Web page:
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Some Facts about the Asian Elephant

Scientific name: Elephas maximus (translation: ‘huge arch’)

Sub-species: the species is divided into two, sometimes four sub-species: the Indian Elephant and the South-East Asian Elephant. The latter is divided into the Sumatran Elephant and the Sri Lankan Elephant.

Number in Laos: only an estimated 1000 individuals or a few more are left in the country of ‘One Million Elephants’… of which around 60 elephants live in this park.

Description: an Asian elephant is about 2-3 meters high at the shoulder and its back is arched (see scientific name). It holds its head over the body, thus it's head is the highest point of the animal. It weighs 2.5-3.5 tons in average. Only the males have ivory tusks, but not all (females occasionally have very short ones); the tusk grows at a rate of one inch per year. They prefer cooler weather in comparison to their African relatives.

Relatives: the African elephant (Loxodonta africana), which is larger and weighs up to 7 tons, and has the distinctively larger ears; both sexes have tusks, their back has a dip, but is not arched. It is divided into three sub-species: the Bush Elephant, Forest Elephant and Desert Elephant.

Trunk: the characteristic trunk is an elongation of the nose and upper lip. It has no bones, but over 40.000 tiny muscles that give it its incredible flexibility and strength. An elephant uses its trunk to breathe, eat, drink, pick up things, throw things, feel, smell, fight and play, squirt water, mud and dust, greet and touch other elephants, and to make sounds. Not surprisingly, baby elephants take a long time to learn all the different ways of using it. Unlike the African elephant, the Asian elephant has only one finger at the tip of the trunk.

Age: an elephant can reach an age of 60-70 years. Older elephants move less quickly than others. The group slows down to wait for them. When an elephant has worn down its sixth and final set of teeth, feeding becomes difficult. It cannot grind and digest its food properly anymore. Eventually, feeding becomes impossible altogether, and the elephant collapses and dies from malnutrition. A dying elephant is comforted by other family members. If a family member dies, the other members try to lift it up again. The group often lingers for days, apparently showing respect for the dead. Elephants also seem to remember where family members have died.

Elephant ‘graveyards’: in stories and films elephants slip away to secret communal places to die. The belief in elephant graveyards arose when people found large collections of bones in one place. Actually, these places were probably once watering holes of drought stricken elephants. Also here at Ban Na such stories can be heard.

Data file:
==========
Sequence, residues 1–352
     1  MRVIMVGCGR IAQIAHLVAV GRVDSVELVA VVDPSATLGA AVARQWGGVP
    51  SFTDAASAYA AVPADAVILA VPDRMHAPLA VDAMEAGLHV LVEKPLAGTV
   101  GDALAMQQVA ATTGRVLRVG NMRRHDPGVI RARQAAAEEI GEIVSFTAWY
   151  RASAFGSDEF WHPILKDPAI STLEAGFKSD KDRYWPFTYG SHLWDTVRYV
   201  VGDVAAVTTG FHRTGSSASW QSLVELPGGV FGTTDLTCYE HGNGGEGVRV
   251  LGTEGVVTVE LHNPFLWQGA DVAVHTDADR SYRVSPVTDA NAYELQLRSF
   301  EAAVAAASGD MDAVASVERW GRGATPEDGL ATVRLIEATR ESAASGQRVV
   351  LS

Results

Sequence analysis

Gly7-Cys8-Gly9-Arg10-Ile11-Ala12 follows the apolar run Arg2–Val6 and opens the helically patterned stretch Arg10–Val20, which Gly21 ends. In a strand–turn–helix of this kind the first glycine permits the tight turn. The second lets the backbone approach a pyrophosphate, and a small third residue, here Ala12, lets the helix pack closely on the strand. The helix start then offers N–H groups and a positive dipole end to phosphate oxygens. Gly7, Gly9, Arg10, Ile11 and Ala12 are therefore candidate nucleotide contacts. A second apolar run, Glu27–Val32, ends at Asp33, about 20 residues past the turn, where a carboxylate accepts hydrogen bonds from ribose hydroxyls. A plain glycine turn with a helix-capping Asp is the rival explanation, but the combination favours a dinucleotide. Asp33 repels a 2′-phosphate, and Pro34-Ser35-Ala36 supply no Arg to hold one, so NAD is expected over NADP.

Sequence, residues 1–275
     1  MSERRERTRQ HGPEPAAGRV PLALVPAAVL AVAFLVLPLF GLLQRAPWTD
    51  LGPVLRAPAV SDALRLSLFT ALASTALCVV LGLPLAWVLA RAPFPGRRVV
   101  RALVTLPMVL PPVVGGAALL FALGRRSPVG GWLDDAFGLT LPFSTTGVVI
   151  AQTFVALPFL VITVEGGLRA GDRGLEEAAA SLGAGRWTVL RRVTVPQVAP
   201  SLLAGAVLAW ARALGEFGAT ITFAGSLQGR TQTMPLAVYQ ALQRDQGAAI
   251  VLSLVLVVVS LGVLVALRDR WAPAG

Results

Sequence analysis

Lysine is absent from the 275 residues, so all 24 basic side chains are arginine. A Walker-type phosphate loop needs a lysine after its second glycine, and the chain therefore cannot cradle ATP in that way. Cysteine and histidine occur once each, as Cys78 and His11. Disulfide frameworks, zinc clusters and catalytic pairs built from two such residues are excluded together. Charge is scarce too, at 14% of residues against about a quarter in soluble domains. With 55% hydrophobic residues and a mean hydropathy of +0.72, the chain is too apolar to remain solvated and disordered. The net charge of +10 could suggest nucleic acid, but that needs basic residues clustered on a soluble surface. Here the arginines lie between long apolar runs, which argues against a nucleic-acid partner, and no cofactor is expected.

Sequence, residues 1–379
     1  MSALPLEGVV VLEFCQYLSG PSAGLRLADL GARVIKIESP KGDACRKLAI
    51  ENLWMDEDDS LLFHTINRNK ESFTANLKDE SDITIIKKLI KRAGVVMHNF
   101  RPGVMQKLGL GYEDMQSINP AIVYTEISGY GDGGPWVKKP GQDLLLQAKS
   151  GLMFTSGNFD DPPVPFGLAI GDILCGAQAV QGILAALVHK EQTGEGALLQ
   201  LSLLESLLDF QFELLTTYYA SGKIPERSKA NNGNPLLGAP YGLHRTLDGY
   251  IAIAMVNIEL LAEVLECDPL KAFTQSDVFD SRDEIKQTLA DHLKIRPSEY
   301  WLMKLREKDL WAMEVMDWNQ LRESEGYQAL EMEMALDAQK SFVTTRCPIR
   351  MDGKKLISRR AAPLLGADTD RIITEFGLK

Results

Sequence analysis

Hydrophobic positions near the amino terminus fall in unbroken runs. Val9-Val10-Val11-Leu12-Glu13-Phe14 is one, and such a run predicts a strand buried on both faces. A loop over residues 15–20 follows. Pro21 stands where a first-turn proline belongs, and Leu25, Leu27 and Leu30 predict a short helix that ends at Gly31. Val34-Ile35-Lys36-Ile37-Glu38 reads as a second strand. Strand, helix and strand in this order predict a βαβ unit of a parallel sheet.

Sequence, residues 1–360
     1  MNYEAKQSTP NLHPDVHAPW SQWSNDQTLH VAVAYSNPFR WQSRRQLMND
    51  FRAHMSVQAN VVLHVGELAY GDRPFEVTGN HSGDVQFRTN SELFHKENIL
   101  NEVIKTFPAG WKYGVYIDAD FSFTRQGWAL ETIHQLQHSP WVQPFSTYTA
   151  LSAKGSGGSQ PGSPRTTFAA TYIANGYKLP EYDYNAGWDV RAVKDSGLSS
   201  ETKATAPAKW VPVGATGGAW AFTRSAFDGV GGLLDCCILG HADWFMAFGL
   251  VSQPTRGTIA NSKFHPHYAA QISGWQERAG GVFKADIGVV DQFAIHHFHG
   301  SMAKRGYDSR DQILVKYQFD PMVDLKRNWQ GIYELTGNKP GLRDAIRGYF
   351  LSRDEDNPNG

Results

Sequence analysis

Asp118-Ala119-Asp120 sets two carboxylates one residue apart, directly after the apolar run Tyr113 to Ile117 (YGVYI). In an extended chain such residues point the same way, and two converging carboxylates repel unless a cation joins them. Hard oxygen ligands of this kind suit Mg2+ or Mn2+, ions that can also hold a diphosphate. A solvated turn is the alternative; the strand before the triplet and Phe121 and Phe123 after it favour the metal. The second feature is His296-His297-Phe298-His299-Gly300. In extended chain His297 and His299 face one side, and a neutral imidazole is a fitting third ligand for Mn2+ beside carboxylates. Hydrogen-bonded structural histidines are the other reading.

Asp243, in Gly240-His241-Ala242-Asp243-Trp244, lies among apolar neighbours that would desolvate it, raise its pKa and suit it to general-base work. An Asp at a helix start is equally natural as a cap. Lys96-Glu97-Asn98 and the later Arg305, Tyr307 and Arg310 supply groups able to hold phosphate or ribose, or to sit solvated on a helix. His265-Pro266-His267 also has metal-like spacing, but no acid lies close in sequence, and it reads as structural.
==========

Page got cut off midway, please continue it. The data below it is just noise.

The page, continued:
Offspring: baby elephants are born with lots of hair. On average, a calf measures about 90 centimetres in height and weighs over a 100 kilograms at birth. The calves spend a lot of their time playing around. They enjoy contact plays like fighting and mounting as well as chasing others. Male elephants cannot ‘recognize' their children. The opposite is true for the female family members. They form very intimate bonds; the mother-child tie is the strongest one amongst elephants. Baby elephants need the guidance of their mother and die quickly if they are left alone.

Reproduction: female Asian elephants become mature at the age of 9-10 years (males mature a few years later). They give birth to their first calf when they are between 10 and 20 years old. After that, they can produce a calf every 4-6 years up to the age of 50. This would lead to 5-12 offspring in a lifetime. Female elephants are pregnant for nearly two years. Usually, just when the first calf can feed itself, the next one arrives. The mother feeds its young up to six years. Elephants can potentially breed throughout the year, but do so often in the rainy season. A courtship is elaborate and cow and bull usually mate many times.

Food: as plant feeders (herbivores’’), elephants are the largest consumer of plants among terrestrial animals. They eat almost every part of their selected plant (from leaves, twigs, bark and root to flowers, fruits, seeds and thorns). Preferred plants are banana, bamboo and sugarcane. Plants do not contain much nutrition, so an elephant has to eat huge quantities (sometimes up to 150 kg a day). It spends about 16 hours a day eating. Its body leaves about half of the food undigested. Baby elephants often eat the dung of the adults in order to pick up microscopic organisms that live inside the gut and to help them digest the food.